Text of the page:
About their songwriting, Sean says, “I am more of a confessional writer, but it is very philosophical. Juliette is a storyteller. She writes not from a confessional aspect, but she is more like a character in a story. The things that interest her are always the pivotal moments, the moment right before you walk out the door and things will never be the same.
Juliette says, “Most of the time when I am writing things, I see a scene and what I am writing is like a scene, a moment in a movie. It is very cinematic. On this record in particular I found that the more we listened to the songs, days later it would hit me, what it was about, where it actually came from and what manifested it.”
While they will not disclose what meanings their songs have for them, preferring to add a touch of mystery and to allow enough breadth for the listener to interpret them through the lenses of their own lives, Sean says, “The songs definitely have meanings for us and it is funny how when I was working on a song like “Glimmering,” we had it in our heads, we talked about it and then we wrote our lyrics accordingly then we went oh that’s a beautiful image. It really emotionally struck the chord that we wanted to get. Most of the time with a song, we are looking to make an emotion happen within the listener and in ourselves, to express an emotional thing. When it happens like that, especially with “Glimmering,” we get through it and go this is great, and then when you go back to it and it makes you cry, because you realize why exactly you wrote it. You realize exactly what it means to you personally. You experience it like the listener in a way and you go Holy God, man that’s amazing.”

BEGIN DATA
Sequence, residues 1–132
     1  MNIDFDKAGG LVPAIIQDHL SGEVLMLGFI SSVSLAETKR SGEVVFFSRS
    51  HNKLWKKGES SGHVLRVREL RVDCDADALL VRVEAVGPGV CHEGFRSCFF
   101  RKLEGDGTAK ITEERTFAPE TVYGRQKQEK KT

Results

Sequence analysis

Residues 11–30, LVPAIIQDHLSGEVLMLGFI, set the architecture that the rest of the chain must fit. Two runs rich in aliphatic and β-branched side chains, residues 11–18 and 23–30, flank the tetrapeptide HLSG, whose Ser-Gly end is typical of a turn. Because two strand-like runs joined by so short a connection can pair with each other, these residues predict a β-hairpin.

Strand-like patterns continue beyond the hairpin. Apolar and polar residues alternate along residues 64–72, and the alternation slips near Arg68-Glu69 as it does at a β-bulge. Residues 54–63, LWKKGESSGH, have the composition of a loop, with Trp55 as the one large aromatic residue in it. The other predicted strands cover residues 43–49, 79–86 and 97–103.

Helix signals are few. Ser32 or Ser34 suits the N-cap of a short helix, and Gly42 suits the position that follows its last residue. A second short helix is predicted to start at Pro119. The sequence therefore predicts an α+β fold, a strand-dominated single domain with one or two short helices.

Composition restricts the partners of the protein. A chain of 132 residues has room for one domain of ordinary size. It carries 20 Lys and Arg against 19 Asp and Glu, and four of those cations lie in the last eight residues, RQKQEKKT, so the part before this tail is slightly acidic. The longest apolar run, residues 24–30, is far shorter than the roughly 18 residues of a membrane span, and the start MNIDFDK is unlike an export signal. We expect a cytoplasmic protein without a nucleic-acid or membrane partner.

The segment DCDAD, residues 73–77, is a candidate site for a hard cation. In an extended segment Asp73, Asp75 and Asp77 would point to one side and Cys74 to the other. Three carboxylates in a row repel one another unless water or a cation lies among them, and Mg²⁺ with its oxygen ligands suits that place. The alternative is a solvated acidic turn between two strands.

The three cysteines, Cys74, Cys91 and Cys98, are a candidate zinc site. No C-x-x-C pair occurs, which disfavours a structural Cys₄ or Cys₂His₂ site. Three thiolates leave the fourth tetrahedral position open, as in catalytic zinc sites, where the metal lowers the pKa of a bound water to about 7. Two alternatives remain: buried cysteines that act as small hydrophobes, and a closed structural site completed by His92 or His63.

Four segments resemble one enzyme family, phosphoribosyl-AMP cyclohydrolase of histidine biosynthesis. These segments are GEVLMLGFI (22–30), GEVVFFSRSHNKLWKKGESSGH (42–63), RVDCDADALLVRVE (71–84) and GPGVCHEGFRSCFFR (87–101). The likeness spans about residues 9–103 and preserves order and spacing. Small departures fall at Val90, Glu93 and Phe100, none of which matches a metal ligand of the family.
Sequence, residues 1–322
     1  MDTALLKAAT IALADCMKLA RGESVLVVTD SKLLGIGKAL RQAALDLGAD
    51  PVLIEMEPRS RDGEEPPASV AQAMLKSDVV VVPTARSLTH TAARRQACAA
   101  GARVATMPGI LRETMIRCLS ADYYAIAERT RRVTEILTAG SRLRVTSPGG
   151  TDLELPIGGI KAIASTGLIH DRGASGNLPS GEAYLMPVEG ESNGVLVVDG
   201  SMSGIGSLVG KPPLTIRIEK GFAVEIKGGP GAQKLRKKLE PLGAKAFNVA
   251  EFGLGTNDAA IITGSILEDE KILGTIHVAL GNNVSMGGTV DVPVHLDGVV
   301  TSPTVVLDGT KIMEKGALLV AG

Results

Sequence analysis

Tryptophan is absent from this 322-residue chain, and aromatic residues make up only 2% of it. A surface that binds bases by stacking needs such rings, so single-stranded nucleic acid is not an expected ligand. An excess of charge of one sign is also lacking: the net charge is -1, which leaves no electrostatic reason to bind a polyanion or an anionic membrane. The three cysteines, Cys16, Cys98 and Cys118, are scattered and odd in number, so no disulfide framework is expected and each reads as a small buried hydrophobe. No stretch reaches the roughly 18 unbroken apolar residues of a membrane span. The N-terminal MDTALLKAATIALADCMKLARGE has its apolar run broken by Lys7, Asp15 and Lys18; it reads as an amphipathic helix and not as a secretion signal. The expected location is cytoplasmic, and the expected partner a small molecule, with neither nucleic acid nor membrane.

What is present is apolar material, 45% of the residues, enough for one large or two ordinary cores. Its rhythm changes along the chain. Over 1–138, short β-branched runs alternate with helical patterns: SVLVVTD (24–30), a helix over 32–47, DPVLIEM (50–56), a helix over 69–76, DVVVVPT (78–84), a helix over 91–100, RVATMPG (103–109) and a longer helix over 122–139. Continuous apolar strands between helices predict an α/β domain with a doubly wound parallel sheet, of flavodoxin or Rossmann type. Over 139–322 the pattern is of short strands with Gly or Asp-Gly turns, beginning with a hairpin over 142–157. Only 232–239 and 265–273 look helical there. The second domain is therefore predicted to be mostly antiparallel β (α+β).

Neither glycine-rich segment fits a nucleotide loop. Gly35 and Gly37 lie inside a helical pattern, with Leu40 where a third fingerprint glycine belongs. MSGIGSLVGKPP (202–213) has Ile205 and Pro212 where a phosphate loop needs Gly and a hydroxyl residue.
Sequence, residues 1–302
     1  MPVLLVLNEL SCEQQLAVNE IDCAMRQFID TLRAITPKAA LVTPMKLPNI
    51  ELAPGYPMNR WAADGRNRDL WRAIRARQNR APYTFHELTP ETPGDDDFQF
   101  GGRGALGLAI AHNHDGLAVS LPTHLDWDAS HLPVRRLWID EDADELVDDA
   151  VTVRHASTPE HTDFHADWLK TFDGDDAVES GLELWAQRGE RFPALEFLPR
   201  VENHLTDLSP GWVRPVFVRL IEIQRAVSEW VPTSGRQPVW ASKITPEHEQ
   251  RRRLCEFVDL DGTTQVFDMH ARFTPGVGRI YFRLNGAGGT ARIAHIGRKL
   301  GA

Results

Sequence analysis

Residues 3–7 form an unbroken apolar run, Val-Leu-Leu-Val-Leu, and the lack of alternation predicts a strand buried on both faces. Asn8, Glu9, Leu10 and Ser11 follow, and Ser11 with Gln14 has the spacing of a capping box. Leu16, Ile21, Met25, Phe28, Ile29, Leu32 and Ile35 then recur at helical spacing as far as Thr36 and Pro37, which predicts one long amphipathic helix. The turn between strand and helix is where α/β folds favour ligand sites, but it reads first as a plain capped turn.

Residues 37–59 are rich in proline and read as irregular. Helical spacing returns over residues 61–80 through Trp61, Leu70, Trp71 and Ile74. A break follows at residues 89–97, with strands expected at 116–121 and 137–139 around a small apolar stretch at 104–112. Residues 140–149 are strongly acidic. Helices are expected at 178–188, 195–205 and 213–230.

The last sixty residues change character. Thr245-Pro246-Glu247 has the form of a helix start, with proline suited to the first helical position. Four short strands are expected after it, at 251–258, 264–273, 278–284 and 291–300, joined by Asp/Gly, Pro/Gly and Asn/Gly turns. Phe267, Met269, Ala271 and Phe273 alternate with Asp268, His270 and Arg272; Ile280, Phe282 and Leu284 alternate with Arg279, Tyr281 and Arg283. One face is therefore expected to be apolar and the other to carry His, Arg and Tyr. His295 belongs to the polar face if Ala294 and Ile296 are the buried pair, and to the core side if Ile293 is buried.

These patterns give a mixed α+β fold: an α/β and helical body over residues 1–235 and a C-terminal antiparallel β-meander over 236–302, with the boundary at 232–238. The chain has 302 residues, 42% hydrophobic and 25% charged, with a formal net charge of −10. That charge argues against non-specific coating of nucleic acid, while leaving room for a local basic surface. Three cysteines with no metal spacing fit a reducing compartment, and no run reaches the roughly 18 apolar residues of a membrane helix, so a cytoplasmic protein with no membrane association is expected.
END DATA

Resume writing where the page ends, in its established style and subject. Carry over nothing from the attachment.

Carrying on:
Juliette describes it as, “It’s like stepping back from a painting. You know where you are going and you are digging the colors. You know what is going to happen, but when you come back and look at it you go Oh (surprise in her voice) that’s it.”
“It has one meaning while you are writing it and you are getting the metaphor and all of a sudden you realize the deeper reason why you wrote it. Like most good art, hopefully you open yourself up and the universe speaks through you. That’s the idea and we had a couple of interesting moments like that on this record. It’s like FedEx, you have to be there to receive it (the idea) or it is going to go to someone else,” says Sean.
We are glad that Sean and Juliette Beavan were open to the message that the universe was sending them on the songs we listen to from Between The Devil & Two Black Hearts, because this is a very good album, created by two gifted artists.
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CD cover photo by: Andrew Furnevel; Graphic Design by Pam Hendrix.
Interview by Joe Montague